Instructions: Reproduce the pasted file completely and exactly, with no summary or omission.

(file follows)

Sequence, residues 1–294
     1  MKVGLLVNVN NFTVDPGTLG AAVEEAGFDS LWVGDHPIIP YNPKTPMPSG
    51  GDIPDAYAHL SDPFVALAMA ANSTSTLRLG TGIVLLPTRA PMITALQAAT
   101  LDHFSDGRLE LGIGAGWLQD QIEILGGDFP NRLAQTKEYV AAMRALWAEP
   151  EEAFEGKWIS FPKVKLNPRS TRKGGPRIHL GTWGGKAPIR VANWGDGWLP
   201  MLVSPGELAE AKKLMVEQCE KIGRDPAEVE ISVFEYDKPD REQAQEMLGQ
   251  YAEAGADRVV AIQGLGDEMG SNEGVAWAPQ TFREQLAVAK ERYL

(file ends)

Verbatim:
Sequence, residues 1–294
     1  MKVGLLVNVN NFTVDPGTLG AAVEEAGFDS LWVGDHPIIP YNPKTPMPSG
    51  GDIPDAYAHL SDPFVALAMA ANSTSTLRLG TGIVLLPTRA PMITALQAAT
   101  LDHFSDGRLE LGIGAGWLQD QIEILGGDFP NRLAQTKEYV AAMRALWAEP
   151  EEAFEGKWIS FPKVKLNPRS TRKGGPRIHL GTWGGKAPIR VANWGDGWLP
   201  MLVSPGELAE AKKLMVEQCE KIGRDPAEVE ISVFEYDKPD REQAQEMLGQ
   251  YAEAGADRVV AIQGLGDEMG SNEGVAWAPQ TFREQLAVAK ERYL